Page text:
Big business creates a lot of problems in itself. As someone who is results oriented, it seems ridiculous that large public facing companies need to staff a dozen regional call centers with customer care representatives. So many problems addressed in those call centers are a product of the sales team. When the representative can’t help the customer, they pass them on to technical support. How are you going to pass a customer off to 3 employees to fix a problem they shouldn’t have in the first place?
It’s unacceptable to me, as it is to the customer, as it is to the small business owners who say “never with my product”. For every product that causes that problem though, there are 49 that work as advertised, or work well enough that the customer doesn’t raise a fuss. There are thousands and thousands of customer complaints filed every day for thousands of products. Very few complaints or incidents go viral on the Internet though, and as long as big business is running profitably, I don’t know anyone that will talk a CEO into altering their infrastructure. We may be giving the power of social media too much credit, and that’s as dangerous to the long-term health of the industry as it is to downplay its importance.
What do you think about Silos in marketing? Have you ever really considered the positive aspects of specialization, or the negative impact resulting from break downs in communication? Is social media important or demanding enough to create a collaborative division just to deal with it? How much of effective marketing can be attributed to luck anyway? I’ll probably look in to it a little further, but mostly because I’m not satisfied either way, and it is increasingly finding its way into my own research. I don’t see myself in a position to alter corporate infrastructure anytime soon, bet then again I didn’t see myself questioning Fortune 500 marketing managers about their infrastructure this time last year either. For now, I’ll let you be the judge, and if you can effect a major change in the infrastructure of a Fortune 500 company, you’re gonna go far, kid.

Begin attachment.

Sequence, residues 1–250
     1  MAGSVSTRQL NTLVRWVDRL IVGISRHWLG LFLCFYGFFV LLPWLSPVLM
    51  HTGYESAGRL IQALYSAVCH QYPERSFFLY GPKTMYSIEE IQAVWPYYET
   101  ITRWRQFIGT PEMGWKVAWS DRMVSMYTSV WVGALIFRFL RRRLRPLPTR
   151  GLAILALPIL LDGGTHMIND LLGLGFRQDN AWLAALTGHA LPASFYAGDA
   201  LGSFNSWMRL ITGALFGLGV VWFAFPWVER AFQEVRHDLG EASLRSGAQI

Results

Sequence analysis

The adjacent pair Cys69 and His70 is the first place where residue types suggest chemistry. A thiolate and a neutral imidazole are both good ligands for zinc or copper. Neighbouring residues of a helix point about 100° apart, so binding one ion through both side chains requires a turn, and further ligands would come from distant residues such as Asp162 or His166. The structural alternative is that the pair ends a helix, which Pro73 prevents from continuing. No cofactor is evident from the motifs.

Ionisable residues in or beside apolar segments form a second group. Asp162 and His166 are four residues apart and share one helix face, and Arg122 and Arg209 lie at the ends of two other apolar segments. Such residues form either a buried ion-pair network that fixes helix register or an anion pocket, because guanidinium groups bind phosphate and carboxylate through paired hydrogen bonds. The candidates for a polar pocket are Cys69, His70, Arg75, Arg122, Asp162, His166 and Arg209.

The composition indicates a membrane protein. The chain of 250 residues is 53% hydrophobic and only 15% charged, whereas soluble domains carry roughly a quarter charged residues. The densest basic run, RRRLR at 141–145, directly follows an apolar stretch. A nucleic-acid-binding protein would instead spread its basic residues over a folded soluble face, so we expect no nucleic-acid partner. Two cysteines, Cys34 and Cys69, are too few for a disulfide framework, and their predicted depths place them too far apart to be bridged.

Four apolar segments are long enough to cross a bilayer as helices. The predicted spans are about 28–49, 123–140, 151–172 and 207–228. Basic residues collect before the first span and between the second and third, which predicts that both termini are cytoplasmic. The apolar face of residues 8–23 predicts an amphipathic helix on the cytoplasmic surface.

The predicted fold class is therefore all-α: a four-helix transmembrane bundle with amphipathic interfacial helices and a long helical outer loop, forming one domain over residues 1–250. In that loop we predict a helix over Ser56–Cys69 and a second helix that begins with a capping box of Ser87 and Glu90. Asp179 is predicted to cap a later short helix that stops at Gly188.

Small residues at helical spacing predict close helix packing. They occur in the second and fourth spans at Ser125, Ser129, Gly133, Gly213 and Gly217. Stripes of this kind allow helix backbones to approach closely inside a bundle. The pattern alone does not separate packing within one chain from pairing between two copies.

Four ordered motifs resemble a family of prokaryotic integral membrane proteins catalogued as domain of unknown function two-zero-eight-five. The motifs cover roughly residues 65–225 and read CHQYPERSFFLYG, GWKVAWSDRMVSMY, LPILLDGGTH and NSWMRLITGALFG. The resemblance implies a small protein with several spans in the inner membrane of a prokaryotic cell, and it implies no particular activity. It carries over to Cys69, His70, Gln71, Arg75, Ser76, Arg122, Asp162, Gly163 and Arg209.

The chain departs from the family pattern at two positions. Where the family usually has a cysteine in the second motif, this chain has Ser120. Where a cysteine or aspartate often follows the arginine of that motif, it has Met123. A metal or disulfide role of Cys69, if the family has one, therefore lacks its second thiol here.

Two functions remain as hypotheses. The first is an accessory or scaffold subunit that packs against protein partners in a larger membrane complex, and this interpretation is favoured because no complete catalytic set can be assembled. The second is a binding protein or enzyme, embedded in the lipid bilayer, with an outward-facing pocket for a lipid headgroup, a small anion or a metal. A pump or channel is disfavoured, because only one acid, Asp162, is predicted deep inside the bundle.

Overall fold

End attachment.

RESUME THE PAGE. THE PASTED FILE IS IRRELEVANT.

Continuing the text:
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3 thoughts on “The Silo Effect: Did the Evolution of Business Take a Wrong Turn?”
Very insightful, Adam. I’ve been working with a digital engineering company and this issue has been at the forefront of recent discussions among managers. Too often it’s a case of ‘bow tie’ thinking and structures – commercial people facing the customer, then turning inward to single points of failure (account handlers) who try to engage/seek support from the technical silos and the whole communication piece flounders. If I read you right, a ‘diamond’ shape is what you’re leaning towards, i.e. bring the technical specialists into the room with commercial, let them do their stuff and really work the comms in the fat part of the diamond. The solutions are then much closer to the customer. It needs social collaboration and comms facilitation par excellence. A redefined role for L&D?
I think each situation is unique. That’s the first time I’ve ever heard a bow tie vs. diamond reference, in that case, opening up more channels of communication would be a good idea, but you would need to institute a tracking mechanism to make sure each ticket was addressed efficiently (social collaboration and comms facilitation?), and to track the people involved. That was generally the role of the choke point, to be accountable for the roles they were given. The size of the company, the nature of their product cycle, and a hundred other things need to be looked at before you start altering these things, and always make sure to note the reasons for segregation and choke points; you’ll need to fill that role later, or you’ll find that you’ve probably created a problem that is more detrimental to operations than what you’ve solved.
You’ve made me think enough that I could write another post on this subject. Great comment David, I think you probably have the right idea in your specific case. There isn’t a one size fits all use for social media, or for how you design your marketing infrastructure.
Thanks Adam. Another angle on this is the degree of specialization that works in any given situation. Too much and comms is harder. An alternative is greater transdisciplinarity (enough breadth and depth of other disciplines) which helps the comms and customer focus. Get the balance wrong and you get dilution.